5:38                 But new wine must be put into new bottles; and both are preserved.  Never would Jesus entrust to these narrow and prejudiced representatives of a worn-out religious school his new, fresh, generous doctrines.  It would indeed be pouring new wine into old, decayed, worn-out wine-vessels.  The new wine must be deposited in new wine-skins.  His doctrine must be entrusted to no rabbi of Israel, fettered by a thousand precedents, hampered by countless prejudices, but to simple unprejudiced men, who would just receive his teaching, and then pass it on pure and unadulterated to other simple, truthful souls.  [18]


                        In depth:  Is actual wine being put in the wineskins or is it unfermented juice that may be caused to ferment into wine due to contamination of the old container [6]?  The parable has usually been explained to mean that new bottles stretch, [while] old ones are hard and dry [and] cannot give when the wine ferments and expands.  So the expansive joy and the then partially-developed freedom of Christianity could not be safely confined in the old unyielding forms of Judaism, but must have new and more elastic ones of their own. 

Canon Farrar, however, says that this mode of explanation is physically untenable.  The bottles are of course skins, and the wine of the juice of the grape which has not yet been fermented, or "must."  He maintains, however, that when "must" begins to ferment, it cannot be kept in any bottle new or old, for the force of fermentation and the expansion caused thereby are sufficient to burst the most flexible wine-skin.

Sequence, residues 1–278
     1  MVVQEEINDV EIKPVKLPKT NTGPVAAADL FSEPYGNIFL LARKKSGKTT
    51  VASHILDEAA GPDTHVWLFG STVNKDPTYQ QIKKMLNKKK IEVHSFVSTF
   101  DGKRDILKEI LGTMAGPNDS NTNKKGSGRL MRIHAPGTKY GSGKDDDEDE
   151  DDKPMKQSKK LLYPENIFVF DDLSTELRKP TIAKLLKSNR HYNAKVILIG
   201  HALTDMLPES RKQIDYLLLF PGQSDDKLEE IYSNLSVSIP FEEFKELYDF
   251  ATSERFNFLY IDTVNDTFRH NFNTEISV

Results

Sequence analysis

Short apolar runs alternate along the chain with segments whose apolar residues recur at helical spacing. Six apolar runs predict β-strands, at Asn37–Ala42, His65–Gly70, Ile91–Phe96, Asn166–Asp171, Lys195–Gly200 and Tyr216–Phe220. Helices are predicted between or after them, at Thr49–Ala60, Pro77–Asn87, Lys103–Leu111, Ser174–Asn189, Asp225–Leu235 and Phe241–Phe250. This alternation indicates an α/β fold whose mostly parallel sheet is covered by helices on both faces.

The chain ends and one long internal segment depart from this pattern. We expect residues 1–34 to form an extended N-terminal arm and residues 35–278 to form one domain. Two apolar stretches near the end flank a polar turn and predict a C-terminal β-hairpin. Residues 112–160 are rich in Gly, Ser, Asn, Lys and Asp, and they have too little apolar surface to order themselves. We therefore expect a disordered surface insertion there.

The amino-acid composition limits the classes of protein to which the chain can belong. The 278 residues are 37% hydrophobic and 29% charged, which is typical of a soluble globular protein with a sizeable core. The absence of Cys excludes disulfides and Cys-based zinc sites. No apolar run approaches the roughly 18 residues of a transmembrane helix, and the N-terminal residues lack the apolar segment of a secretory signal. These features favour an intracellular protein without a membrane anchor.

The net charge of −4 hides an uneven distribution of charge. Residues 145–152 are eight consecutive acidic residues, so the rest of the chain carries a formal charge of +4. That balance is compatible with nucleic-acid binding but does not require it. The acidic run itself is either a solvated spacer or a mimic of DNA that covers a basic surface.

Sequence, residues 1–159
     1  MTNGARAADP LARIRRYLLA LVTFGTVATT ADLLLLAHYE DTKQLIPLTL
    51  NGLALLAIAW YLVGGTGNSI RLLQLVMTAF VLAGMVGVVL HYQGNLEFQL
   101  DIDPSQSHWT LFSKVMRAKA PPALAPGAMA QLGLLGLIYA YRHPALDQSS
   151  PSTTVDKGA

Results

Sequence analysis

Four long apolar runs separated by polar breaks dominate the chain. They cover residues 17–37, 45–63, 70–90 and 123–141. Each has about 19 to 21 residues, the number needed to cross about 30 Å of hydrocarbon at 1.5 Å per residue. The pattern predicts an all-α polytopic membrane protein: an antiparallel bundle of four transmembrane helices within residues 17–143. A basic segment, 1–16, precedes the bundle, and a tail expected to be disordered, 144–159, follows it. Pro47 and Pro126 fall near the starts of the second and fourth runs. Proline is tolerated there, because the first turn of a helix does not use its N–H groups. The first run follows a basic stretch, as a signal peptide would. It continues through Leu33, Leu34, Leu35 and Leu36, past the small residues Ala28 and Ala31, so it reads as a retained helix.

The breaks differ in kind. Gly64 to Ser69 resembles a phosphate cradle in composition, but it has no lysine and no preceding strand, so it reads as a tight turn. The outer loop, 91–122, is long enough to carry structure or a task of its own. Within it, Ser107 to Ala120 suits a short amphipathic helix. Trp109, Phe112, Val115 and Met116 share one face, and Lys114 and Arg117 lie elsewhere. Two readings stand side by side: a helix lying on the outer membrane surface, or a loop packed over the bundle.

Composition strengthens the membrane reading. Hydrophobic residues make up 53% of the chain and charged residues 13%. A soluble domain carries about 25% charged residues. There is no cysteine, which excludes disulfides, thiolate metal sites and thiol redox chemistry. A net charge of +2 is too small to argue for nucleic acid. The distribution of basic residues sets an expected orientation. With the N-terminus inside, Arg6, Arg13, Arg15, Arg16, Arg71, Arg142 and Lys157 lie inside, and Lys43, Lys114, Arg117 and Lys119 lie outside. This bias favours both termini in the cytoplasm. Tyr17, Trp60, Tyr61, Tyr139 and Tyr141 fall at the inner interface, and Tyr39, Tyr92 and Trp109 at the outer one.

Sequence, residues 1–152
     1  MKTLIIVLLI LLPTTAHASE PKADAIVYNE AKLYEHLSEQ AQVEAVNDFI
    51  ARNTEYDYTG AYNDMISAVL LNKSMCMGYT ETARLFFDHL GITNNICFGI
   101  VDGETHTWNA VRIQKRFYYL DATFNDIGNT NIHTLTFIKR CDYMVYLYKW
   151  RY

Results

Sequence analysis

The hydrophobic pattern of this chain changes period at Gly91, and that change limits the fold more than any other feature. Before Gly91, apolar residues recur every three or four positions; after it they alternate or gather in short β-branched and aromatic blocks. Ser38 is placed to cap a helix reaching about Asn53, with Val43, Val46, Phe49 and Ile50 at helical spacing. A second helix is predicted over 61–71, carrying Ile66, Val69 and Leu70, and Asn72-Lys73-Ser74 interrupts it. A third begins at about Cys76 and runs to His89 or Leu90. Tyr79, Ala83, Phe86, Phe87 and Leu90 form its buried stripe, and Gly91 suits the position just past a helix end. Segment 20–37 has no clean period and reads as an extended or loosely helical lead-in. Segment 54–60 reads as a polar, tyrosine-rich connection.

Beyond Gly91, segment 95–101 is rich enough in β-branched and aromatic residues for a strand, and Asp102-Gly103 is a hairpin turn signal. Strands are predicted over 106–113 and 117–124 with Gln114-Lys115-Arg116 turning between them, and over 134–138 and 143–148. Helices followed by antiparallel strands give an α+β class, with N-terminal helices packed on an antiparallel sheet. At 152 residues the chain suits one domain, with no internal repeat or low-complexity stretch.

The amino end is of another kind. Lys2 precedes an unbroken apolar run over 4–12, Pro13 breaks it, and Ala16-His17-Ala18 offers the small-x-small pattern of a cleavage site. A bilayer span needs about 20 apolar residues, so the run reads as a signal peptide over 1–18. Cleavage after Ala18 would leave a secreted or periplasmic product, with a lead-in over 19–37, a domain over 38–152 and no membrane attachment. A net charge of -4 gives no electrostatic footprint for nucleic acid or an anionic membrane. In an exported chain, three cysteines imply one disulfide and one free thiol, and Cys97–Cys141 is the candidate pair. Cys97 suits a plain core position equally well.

He thinks that our Lord is not thinking at all of fermented intoxicating wine, but of the "must" which can be kept for years, and is so kept in all wine countries, and which can be kept with perfect safety in new leathern bottles.  It is unsafe to put it in old bottles which have contained "wine" in the ordinary sense, because in such a case "minute portions of the albuminoid matter would be left adhering to the skin, and receive yeast germs from the air, and keep them in readiness to set up fermentation in the new unfermented contents of the skin." 

If by any such chance fermentation were accidentally produced, no bottle new or old could stand the pressure.  Hence ancient writers on the art of wine-making are careful to say that the unfermented "must" is put into a new vessel.